Last month, a student group at Oak Park and River Forest High School held a weeklong event shedding light on Black History Month. Students from the Black Leaders Union (BLU) launched their own spirit week, welcoming all to participate in a themed event. BLU’s spirit week, which was held during the third week of February, began by asking faculty, staff and students to wear shirts featuring their favorite Black icons. Other days prompted the OPRF student body to rep jerseys of their favorite Black athletes or gear from Historically Black Colleges and Universities (HBCUs).
Zachary Ellis, an OPRF junior and BLU president, said his group’s spirit week was just one of the many events held in February that share the history of Black people in the U.S. Other staff pitched in by inviting students to watch movies in the library such as “42,” which told the story of Jackie Robinson, the first Black baseball player to play in the Major Leagues or helping curate the display of “unsung heroes” near the student welcoming center, Ellis, 16, said.
Ellis and Ashley Brown, who serves as BLU’s secretary, shared with the Journal that they wanted to create a monthlong experience for their peers. In years past, Ellis said BLU hosted an event for Martin Luther King Jr. Day in January, “and that’s it. We don’t really do anything.” This year, he said, was different.
In the weeks leading up to spirit week, Ellis said he took time out of his lunch period to paint and hang signs, letting everyone know what’s to come. Once spirit week kicked off, Ellis and Brown said they enjoyed watching their peers join in.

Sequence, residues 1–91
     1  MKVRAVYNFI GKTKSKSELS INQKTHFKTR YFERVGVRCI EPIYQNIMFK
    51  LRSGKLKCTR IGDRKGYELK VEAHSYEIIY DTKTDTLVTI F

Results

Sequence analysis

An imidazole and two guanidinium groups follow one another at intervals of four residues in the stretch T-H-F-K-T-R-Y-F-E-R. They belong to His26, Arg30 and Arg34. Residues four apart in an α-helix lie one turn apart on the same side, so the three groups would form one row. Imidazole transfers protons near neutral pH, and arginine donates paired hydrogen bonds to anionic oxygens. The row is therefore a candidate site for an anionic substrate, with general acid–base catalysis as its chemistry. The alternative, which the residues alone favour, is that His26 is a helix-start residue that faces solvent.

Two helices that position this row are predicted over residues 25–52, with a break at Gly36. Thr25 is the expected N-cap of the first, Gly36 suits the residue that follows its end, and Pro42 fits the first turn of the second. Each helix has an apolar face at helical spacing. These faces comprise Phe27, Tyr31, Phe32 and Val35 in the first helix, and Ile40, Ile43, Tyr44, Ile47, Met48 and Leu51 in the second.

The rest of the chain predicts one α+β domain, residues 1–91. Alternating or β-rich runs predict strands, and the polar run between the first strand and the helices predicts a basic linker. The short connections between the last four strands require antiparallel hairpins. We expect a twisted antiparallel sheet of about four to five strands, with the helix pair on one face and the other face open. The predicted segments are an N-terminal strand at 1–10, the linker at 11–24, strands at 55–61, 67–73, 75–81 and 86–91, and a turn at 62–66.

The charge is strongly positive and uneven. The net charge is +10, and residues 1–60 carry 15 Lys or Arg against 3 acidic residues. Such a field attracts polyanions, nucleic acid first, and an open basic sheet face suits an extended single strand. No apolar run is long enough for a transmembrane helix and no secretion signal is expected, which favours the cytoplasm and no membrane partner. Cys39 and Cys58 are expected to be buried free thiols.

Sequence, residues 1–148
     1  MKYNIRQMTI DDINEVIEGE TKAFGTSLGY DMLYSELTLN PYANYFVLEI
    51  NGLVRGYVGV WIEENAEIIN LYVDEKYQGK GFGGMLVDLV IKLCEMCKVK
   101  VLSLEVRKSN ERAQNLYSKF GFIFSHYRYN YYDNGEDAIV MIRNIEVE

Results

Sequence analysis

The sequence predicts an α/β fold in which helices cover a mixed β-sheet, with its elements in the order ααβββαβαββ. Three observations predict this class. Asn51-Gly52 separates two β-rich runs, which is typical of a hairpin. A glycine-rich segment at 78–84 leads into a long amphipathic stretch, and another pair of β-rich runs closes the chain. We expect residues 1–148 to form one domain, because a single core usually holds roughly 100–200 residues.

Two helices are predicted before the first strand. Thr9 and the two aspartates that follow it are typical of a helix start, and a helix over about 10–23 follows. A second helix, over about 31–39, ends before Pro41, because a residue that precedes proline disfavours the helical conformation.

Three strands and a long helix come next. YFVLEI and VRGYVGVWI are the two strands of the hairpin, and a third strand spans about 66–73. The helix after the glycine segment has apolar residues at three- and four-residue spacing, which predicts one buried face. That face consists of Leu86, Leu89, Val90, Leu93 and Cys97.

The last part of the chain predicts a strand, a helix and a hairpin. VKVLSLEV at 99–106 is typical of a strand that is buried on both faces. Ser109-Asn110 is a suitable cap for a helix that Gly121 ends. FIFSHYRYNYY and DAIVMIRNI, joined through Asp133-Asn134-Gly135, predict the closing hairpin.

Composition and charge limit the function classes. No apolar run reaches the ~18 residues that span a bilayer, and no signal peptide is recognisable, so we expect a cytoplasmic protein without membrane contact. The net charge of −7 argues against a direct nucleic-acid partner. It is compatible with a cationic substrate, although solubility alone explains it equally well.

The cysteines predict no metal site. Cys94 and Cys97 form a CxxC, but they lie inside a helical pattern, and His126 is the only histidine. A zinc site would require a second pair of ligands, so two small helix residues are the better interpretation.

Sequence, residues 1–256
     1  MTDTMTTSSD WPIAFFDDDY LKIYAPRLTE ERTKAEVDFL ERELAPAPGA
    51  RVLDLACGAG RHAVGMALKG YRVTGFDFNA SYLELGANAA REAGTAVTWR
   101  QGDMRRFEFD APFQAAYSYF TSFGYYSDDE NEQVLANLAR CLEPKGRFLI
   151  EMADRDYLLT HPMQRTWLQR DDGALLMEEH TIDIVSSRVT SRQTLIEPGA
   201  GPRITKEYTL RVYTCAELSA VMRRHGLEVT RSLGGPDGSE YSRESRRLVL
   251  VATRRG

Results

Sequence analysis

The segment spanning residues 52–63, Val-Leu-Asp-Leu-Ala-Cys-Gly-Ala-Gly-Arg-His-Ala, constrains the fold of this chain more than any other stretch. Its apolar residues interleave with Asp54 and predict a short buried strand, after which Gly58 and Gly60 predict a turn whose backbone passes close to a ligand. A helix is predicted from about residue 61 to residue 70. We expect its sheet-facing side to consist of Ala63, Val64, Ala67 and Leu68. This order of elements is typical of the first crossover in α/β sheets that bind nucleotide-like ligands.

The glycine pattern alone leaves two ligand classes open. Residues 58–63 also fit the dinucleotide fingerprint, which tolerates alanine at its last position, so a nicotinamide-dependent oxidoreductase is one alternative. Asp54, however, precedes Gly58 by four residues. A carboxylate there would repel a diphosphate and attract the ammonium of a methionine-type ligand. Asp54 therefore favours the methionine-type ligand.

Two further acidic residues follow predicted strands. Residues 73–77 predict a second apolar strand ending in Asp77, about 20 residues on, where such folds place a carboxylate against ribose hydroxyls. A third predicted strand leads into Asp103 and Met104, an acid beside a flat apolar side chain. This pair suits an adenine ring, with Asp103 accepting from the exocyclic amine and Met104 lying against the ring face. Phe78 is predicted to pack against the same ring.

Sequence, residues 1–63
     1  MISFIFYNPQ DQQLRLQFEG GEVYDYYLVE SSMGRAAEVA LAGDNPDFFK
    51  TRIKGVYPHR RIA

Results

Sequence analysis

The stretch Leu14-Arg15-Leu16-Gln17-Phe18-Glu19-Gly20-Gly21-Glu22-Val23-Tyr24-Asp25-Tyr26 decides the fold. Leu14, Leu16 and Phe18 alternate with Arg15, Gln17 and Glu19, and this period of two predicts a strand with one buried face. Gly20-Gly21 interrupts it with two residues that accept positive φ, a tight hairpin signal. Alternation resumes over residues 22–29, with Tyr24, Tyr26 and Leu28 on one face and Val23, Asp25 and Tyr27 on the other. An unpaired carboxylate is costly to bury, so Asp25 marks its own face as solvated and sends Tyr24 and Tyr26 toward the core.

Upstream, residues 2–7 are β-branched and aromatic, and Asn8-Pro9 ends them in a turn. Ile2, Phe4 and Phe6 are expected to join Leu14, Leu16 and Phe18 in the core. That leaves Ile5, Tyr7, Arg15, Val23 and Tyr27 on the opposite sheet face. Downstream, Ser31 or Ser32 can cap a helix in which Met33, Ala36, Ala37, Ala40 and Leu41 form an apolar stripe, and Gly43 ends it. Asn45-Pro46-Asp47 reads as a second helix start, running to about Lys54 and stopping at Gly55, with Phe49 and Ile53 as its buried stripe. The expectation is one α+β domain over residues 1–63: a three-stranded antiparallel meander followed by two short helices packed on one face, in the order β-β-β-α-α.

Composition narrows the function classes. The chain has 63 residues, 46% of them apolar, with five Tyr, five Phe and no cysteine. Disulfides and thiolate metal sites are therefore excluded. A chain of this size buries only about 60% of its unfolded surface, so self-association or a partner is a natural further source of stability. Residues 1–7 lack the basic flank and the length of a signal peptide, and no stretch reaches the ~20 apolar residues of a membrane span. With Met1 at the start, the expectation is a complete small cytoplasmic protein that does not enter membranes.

“We wanted something everybody in the school could participate in, not just the Black kids,” said Brown, 16 and a sophomore at OPRF. “It’s a great opportunity for people of all races to participate in it.”
The organization also sought to incorporate Random Acts of Kindness Day, which is held annually Feb. 17 and fell right in the middle of BLU’s spirit week. That day, Brown said, was one of her favorites, as an example of promoting unity and togetherness.
BLU passed out hundreds of ‘kindness’ bracelets to students, each one inscribed with messages that read: “You can do anything” or “You rock.”
Reflecting on Black History Month, Ellis and Brown opened up about being members of BLU and their organization’s importance.
“It’s definitely a great privilege to be able to be in a group with people who understand you,” Brown said. “Nobody likes to talk about it, but Oak Park is still a very white community. Being in this group is amazing. You get to meet amazing people, and you get to experience things that they experience and talk about it without backlash.”
“It’s a community,” Ellis said, echoing Brown. “… It’s really nice when we get a chance to experience and talk about things that Black people deal with and just collaborate as a club.”